Students nationwide are returning to school after over a year of virtual or hybrid learning. Most youth across San Diego were prompted to smile with their eyes for their memorable first day of school photos. Masks, hand-sanitizers, and distanced drop-offs are new additions to the school routine. Regular first day of school jitters about new teachers, old friends and new friends, and classroom assignments will be accompanied by new concerns carried over from last year: “Will I get sick? Will my family or friends get sick? Will I be okay? Will school continue? Will I feel alone?” While it takes a village, pediatricians and primary care physicians are important resources for families as children head back to school. In this newsletter and others to follow, we will review common experiences and provide both resources and advice for pediatricians and family physicians so they can be optimally prepared to help their patients and their families.
— Vignette —
8-year old Olivia is a talented musician and ardent learner, but she struggled with virtual learning over the past year. She is nervous to start school, afraid that school will continue to be a challenge for her with in-person classes, stating “maybe I’m just stupid now.” She has been slow to start her morning routine, spending a lot of time in the bathroom with many prompts to come to the breakfast table. She does not want to enter the front gate when arriving at school and frequently complains of headaches, nausea, and stomachaches. During a visit to the school nurse, she makes a comment that one of her classmates was making fun of her for wearing a mask when walking to school.
In children and adolescents, anxiety and stress may manifest differently from how they do in adults. Moreover, anxiety and stress can present differently in each individual child. Somatic symptoms, such as headaches, nausea, upset stomach, and fatigue, are present in 50% to 95% of anxious children (Hale et al, 2017). These somatic complaints can be challenging for schools to navigate, especially in the context of the ongoing concerns about the COVID-19 Delta variant. Some children may begin to delay, avoid, and become quite angry and dysregulated when asked to go to or get ready for school. Others will isolate on the playground and have difficulties integrating socially.
Pediatricians can support children and families by inviting a dialogue about anxiety around the transition back to school and the COVID-19 pandemic and by noting that these have been and are still hard times for lots of people. Parents have concerns of their own about health, work, other children, extended families, finances, schedules, among countless other examples. Just like COVID-19, stress can be contagious and parental stress inevitably affects children. Pediatricians may assist by encouraging parents to stay calm themselves, to seek out emotional support from friends and peers, and to engage in other strategies to promote their own well-being. These actions can enable parents or caregivers to be better prepared to support their child.
Pediatricians can model conversations for parents during visits by asking children what it is like to go back to school, acknowledging that it has been an especially rough year and it might feel different and uneasy (Wykoff 2021). Pediatricians can also brainstorm strategies to creatively grow positive feelings about attending school; these may involve starting routines before/after school, discussing favorite parts of the day, and engaging in fun activities to increase feelings of mastery. Asking about bullying is critical, especially when exploring reluctance to attend school. In Olivia’s situation, a peer was bullying her for wearing a mask before entering the campus. There are increasing instances of bullying around masks (Brown 2021). Pediatricians can empower youth and families by giving a name to these sorts of behaviors, and acknowledging that many people—kids and grownups—are angry and scared. Reminding youth that when they are following the rules, they are helping to keep their school, themselves, their families and community safe and that youth should not feel that they have to answer to taunts or teasing. Practitioners should also stress that if situations become uncomfortable for a child, they and their friends can proudly and comfortably seek support from school staff.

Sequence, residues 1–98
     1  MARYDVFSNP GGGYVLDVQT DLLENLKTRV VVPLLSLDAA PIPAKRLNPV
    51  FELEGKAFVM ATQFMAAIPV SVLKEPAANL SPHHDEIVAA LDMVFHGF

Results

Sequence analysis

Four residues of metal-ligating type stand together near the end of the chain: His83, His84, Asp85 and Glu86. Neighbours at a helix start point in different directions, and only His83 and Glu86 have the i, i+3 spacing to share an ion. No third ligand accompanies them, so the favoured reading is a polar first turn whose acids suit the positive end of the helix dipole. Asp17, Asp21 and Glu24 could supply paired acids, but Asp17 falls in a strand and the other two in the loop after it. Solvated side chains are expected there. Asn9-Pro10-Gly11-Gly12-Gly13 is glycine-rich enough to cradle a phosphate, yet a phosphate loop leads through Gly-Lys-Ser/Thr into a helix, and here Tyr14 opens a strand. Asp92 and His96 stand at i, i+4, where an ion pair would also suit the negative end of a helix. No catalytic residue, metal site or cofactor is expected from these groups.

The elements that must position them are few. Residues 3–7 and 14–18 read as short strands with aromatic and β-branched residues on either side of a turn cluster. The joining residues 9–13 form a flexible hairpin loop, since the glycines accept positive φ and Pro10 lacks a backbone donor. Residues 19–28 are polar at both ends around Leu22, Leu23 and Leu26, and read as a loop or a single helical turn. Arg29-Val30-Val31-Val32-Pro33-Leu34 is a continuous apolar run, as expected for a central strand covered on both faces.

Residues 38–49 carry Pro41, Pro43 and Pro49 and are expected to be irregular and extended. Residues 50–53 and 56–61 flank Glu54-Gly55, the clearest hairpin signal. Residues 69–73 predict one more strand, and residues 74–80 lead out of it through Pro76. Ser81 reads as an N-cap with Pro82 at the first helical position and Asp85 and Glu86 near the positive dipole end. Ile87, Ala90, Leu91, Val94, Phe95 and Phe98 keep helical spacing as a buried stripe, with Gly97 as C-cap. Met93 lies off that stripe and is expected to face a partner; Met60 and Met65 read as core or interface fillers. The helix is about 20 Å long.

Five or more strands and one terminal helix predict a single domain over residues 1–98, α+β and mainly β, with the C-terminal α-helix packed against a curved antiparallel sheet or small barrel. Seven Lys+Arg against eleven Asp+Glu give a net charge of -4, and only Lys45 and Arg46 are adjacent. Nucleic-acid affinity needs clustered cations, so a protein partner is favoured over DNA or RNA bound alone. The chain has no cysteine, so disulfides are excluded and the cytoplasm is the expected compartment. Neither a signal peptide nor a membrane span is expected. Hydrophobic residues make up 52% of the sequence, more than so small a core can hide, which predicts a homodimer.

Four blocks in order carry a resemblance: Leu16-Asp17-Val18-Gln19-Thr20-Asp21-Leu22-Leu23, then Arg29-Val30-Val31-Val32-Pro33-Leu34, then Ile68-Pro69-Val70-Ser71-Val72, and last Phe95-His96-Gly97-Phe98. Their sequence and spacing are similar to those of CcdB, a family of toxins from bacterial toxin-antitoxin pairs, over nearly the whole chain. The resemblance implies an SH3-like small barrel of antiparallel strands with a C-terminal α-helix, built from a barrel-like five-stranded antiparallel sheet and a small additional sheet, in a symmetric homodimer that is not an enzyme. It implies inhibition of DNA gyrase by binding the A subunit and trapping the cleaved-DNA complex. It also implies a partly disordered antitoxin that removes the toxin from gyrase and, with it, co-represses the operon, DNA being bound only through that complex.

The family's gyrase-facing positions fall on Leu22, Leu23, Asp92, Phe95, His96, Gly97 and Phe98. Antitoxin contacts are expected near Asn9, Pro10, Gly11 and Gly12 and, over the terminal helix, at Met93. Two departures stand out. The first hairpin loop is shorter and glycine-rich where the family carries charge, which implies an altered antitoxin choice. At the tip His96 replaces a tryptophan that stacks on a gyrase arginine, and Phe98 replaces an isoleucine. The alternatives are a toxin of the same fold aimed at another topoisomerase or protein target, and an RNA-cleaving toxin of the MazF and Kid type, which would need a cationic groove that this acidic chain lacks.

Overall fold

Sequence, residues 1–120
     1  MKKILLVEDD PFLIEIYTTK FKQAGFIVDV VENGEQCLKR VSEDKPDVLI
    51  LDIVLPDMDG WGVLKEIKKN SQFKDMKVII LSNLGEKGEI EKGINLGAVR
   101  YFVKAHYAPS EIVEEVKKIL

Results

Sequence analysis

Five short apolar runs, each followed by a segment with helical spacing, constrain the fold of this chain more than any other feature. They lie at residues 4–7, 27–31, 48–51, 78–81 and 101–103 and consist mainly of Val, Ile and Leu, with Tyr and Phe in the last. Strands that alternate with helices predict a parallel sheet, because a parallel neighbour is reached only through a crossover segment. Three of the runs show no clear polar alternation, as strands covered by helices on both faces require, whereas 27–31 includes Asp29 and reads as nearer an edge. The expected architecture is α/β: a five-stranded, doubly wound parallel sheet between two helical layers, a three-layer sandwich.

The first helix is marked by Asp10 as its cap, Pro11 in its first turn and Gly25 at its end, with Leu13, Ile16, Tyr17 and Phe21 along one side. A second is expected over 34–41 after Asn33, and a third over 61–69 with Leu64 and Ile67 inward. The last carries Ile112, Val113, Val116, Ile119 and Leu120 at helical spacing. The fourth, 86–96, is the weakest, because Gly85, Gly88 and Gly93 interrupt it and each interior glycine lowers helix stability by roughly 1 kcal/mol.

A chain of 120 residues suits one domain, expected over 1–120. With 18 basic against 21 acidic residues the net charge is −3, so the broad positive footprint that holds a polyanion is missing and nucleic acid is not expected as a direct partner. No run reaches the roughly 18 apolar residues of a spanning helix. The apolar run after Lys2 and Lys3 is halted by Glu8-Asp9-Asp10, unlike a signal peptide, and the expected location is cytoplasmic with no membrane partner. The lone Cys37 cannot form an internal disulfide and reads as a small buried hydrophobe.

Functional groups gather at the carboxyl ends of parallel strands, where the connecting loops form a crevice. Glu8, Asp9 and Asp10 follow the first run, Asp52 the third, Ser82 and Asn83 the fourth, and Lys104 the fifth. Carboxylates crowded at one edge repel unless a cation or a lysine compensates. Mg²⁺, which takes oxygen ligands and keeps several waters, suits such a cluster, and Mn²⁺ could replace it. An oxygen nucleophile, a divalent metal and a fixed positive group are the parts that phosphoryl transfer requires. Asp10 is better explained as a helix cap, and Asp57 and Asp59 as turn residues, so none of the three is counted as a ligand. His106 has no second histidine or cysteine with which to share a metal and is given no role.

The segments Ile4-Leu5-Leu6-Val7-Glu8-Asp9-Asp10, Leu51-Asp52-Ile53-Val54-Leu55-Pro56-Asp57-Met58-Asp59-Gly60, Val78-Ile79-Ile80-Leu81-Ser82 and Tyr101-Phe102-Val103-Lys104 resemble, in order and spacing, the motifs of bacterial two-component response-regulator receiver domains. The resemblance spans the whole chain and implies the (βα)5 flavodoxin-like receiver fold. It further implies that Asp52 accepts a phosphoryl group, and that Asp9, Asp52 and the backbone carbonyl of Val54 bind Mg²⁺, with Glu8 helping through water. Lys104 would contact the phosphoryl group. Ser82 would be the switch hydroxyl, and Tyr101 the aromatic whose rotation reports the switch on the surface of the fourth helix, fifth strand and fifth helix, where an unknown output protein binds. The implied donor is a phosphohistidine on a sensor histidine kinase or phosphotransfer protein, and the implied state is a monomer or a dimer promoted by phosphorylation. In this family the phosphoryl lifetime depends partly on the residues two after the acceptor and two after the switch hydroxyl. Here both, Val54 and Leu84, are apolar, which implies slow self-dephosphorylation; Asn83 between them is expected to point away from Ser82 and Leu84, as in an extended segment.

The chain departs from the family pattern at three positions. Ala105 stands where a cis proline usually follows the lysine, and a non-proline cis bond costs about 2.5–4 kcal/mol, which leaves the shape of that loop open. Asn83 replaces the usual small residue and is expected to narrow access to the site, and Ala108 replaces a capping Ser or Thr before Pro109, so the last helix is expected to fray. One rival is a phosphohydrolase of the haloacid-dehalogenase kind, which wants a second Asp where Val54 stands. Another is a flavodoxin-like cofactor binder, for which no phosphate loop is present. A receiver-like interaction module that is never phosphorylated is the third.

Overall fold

Olivia visits her pediatrician for her persistent somatic complaints and they talk about her concerns. Olivia feels relieved and surprised that other peers are experiencing similar feelings. She agrees to talk with her teacher and her school counselor about what she is feeling and to take time each day to talk about school with her parents. She feels better after telling her pediatrician about the bullying, as her pediatrician reminded her that she is helping to keep her school and family safe. Olivia begins playing music again, settling into her new routine, and soon becomes more confident at school.
Transitions are rarely easy and during this continued uncertain time, reminders to check in, to listen, and to support our patients and families are more important than ever. Pediatricians are well poised to work with schools and parents/caregivers to encourage open dialogue and dispel myths as well as encourage youth to engage in activities they enjoy.
Suggestions for pediatricians and primary care practitioners:
- Incorporate formal or informal screening of all children (and their parents) for anxiety and depression at all primary care visits.
- Validate parental concerns, and encourage parental mental wellbeing.
- Suggest before and after school routines to promote a feeling of security in children.
- Talk with teachers/schools about creating inclusive classrooms and addressing mask bullying.